Dave Sperling is offline   Reply With Quote
Old April 27th, 2018, 11:51 AM   #5
Major Player
 
Join Date: Feb 2010
Location: BELGIUM
Posts: 297
Re: Nikon ED Nikkor AF 80-200mm 2.8 ED

thx again Dave for your long answer!

Yes, I'm doing dance and theatre and will use it for that.I'm always in the back of the centre.
Yes, the action is mostly on the same distance.

I use the loupe from the FS100 which I really like.and it's to use peaking with it.

I will probably buy the 3th generation of this lens which has 2 rings on it. I found it very cheap near me because the AF on it doesn't work anymore, so only manual focus. For me no problem because with an adapter the autofocus wouldn't work.

I can always close the iris if wide open would be too much DOF.
Tom Van den Berghe is offline   Reply With Quote
Old April 27th, 2018, 07:47 PM   #6
Major Player
 
Join Date: Jan 2010
Location: Tinton Falls, NJ
Posts: 764
Re: Nikon ED Nikkor AF 80-200mm 2.8 ED

I tend to find the manual iris ring very helpful. During most 'big' shows I find myself riding the iris pretty often. On musicals with multiple spotlights (where they have one on each major performer) for instance - when they come together at center stage you suddenly have 2 or 3 spotlights covering the group - so they're a stop+ hotter, Then they separate and it's back to one spotlight each. The shows I shoot will normally have about a 3+ stop variation in exposure from darkest to brightest scenes, so iris control is important. I'd only go with a 'G' series lens (no iris ring) if I knew the show had a single preset look - or if the lighting designer created a special look for us - as sometimes happens when they stage scenes for us.
Dave Sperling is offline   Reply With Quote
Old May 6th, 2018, 04:51 AM   #7
Major Player
 
Join Date: Feb 2010
Location: BELGIUM
Posts: 297
Re: Nikon ED Nikkor AF 80-200mm 2.8 ED

hi Dave,

I just have the lens and did a quick test outside against the sony stocklens 18-200mm F3.5 - 6.3

I used a variable nd filter. This fitted directly on the nikon lens without a extra adapter ring. great.

I thought I would have more focal length with the nikon during the crop factor but I didn't see it.
Looks like about the same distance fully zoomed in against the sony stocklens.the DOF seems also about equal. that's strange, not?

Will have to test further inside. I attached a still from the nikon lens fully zoomed in and from the sony fully zoomed in.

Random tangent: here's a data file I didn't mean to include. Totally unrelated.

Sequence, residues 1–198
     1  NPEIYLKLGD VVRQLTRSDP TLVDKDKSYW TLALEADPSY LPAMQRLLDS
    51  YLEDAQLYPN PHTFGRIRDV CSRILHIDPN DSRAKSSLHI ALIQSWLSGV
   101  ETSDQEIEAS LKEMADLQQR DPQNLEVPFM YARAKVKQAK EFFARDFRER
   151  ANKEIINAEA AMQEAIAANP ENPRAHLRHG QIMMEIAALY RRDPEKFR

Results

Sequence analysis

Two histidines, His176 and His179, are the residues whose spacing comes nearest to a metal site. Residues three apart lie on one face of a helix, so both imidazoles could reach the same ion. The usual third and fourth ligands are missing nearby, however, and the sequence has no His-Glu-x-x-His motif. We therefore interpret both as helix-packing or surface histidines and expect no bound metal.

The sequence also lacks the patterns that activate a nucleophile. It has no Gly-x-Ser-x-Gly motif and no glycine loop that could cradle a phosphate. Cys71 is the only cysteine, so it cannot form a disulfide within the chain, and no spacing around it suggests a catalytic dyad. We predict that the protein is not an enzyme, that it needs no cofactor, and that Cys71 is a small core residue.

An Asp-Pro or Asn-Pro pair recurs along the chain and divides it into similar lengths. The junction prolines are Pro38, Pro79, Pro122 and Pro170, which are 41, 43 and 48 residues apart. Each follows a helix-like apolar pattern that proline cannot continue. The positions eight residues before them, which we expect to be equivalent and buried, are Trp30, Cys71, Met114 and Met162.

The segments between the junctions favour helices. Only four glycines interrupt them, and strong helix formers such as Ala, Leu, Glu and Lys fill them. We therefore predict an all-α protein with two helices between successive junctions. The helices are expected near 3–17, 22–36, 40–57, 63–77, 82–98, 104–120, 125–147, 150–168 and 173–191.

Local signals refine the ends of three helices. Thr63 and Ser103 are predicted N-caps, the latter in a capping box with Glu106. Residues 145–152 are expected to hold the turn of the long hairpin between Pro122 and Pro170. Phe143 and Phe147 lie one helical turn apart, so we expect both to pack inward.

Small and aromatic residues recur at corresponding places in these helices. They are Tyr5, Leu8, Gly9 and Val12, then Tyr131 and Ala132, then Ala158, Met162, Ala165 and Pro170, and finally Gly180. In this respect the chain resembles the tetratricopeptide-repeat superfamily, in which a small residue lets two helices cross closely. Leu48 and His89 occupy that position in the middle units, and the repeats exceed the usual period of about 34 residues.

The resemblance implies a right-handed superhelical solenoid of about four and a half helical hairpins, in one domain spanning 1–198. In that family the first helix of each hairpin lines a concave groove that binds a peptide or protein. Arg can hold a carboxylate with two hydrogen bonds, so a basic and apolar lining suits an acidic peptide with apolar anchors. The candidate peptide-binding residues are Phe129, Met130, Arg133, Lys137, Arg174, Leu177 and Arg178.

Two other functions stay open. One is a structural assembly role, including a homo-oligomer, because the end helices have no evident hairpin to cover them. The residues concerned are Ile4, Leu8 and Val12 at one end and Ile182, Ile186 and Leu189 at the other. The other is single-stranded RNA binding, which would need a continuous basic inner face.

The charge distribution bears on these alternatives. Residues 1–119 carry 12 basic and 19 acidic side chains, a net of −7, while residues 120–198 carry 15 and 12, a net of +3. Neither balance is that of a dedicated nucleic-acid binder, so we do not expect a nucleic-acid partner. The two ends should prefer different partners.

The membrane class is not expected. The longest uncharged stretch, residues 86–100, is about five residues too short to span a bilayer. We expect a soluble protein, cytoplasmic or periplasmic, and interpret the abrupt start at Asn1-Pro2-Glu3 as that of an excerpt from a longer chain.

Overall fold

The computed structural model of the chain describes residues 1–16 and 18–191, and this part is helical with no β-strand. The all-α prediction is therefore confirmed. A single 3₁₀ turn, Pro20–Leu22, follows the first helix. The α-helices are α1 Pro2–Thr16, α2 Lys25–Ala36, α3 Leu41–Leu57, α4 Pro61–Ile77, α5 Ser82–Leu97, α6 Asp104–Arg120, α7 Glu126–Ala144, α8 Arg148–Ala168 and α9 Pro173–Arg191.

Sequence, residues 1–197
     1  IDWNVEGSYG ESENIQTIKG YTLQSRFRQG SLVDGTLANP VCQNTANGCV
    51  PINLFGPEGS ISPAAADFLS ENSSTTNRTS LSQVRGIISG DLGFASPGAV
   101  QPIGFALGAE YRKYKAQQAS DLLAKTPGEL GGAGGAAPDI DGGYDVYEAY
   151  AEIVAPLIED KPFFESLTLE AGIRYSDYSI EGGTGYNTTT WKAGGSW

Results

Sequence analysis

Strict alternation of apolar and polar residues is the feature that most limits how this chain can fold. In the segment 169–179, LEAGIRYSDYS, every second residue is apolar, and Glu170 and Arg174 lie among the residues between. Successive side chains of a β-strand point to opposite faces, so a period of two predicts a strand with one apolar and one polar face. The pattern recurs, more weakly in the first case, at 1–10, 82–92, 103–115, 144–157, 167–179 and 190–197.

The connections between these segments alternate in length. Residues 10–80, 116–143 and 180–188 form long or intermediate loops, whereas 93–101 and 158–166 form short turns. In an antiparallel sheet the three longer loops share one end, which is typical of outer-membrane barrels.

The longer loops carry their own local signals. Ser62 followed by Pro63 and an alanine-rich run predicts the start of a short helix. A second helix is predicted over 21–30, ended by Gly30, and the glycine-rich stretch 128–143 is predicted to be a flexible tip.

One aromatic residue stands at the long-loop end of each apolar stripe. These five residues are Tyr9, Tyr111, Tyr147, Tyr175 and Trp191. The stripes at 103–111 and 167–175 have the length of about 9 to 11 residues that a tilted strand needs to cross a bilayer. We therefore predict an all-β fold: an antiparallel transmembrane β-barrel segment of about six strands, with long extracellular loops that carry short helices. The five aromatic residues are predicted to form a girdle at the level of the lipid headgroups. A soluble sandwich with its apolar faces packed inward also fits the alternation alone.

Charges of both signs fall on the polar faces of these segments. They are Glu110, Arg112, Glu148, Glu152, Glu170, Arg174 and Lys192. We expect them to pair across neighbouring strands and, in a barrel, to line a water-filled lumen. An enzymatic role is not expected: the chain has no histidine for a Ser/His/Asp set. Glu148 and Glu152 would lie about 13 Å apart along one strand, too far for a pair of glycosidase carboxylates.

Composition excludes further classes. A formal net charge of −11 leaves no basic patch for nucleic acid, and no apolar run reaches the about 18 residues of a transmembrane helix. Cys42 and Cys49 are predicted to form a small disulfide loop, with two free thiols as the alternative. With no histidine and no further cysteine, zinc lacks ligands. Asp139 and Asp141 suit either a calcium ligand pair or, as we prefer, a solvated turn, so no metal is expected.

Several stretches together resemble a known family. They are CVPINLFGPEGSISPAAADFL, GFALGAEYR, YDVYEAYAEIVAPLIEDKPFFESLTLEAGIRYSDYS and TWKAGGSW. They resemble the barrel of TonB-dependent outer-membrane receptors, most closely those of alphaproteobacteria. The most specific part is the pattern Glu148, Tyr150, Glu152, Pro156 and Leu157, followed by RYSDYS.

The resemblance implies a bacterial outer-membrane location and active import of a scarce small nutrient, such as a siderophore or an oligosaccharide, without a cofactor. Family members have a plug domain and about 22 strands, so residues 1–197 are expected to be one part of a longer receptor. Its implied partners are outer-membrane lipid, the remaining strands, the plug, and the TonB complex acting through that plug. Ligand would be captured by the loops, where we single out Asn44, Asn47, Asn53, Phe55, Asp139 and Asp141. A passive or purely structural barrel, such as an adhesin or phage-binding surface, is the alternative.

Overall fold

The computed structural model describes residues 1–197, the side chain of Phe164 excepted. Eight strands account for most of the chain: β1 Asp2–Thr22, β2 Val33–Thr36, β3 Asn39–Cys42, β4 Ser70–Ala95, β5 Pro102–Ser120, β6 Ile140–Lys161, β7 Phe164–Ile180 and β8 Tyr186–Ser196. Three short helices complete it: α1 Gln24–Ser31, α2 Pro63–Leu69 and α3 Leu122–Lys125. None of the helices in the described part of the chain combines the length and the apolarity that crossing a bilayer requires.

The peaking works.
Tom Van den Berghe is offline   Reply With Quote
Old May 6th, 2018, 04:53 AM   #8
Major Player
 
Join Date: Feb 2010
Location: BELGIUM
Posts: 297
Re: Nikon ED Nikkor AF 80-200mm 2.8 ED

now with the samples
Attached Thumbnails
Nikon ED Nikkor AF 80-200mm 2.8 ED-nikon.jpg   Nikon ED Nikkor AF 80-200mm 2.8 ED-stocklens.jpg  

Tom Van den Berghe is offline   Reply With Quote
Old May 6th, 2018, 12:16 PM   #9
Major Player
 
Join Date: Jan 2010
Location: Tinton Falls, NJ
Posts: 764
Re: Nikon ED Nikkor AF 80-200mm 2.8 ED

200 mm is 200 mm - so long end of both lenses will be the same field of view.

If both lenses are wide open, you should have less DoF at 2.8 than at 6.3 when at 200mm.

I'm personally not crazy about variable ND's on long lenses - but with the AF100 you may be stuck with it outside.

Do your next test inside - wide open at 2.8 with no ND and check out the image. Make sure you have some space between your subject and your background.
Dave Sperling is offline   Reply With Quote
Old May 11th, 2018, 06:14 PM   #10
Regular Crew
 
Join Date: Jun 2011
Location: Western Massachusetts, USA
Posts: 76
Re: Nikon ED Nikkor AF 80-200mm 2.8 ED

Hi,

I have the 80-200 Nikkor and use it with the Sony FS5 It is a nice lens, but at 200mm wide open the depth of field is going to be very limited. It will work for a talking head at an event, but for a moving dance piece it would be very difficult to keep in focus. Also, wide open, it tends to run soft.
__________________
Regards,
Jeremy
Jeremy Cole is offline   Reply With Quote
Old May 14th, 2018, 12:50 PM   #11
Major Player
 
Join Date: Feb 2010
Location: BELGIUM
Posts: 297
Re: Nikon ED Nikkor AF 80-200mm 2.8 ED

had to film a musical/theatre this weekend.

sony FS100 with the nikkor 80-200 (front view close ups) and sony hxr-nx3 (side view)

Mostly the scene was will "illuminated" so the gain was max 9db I think. the peaking worked well but zooming with the ring was very difficult.

I had to film wide open otherwise the gain went up. here is a short sample of it:

Tom Van den Berghe is offline   Reply
Reply

DV Info Net refers all where-to-buy and where-to-rent questions exclusively to these trusted full line dealers and rental houses...

Adorama
(800) 223-2500
New York, NY

B&H Photo Video
(866) 521-7381
New York, NY

Texas Media Systems
(512) 440-1400
Austin, TX

Precision Camera
(800) 677-1023
Austin, TX

VideoGuys
(800) 323-2325
Mineola, NY

DV Info Net also encourages you to support local businesses and buy from an authorized dealer in your neighborhood.
  You are here: DV Info Net > Sony XAVC / XDCAM / NXCAM / AVCHD / HDV / DV Camera Systems > Sony Digital Cinema Camera Systems > Sony NXCAM NEX-FS100 CineAlta

« timestamp | New Posts | - »
Thread Tools Search this Thread
Search this Thread:

Advanced Search

 



All times are GMT -6. The time now is 05:35 PM.


DV Info Net -- Real Names, Real People, Real Info!
1998-2018 The Digital Video Information Network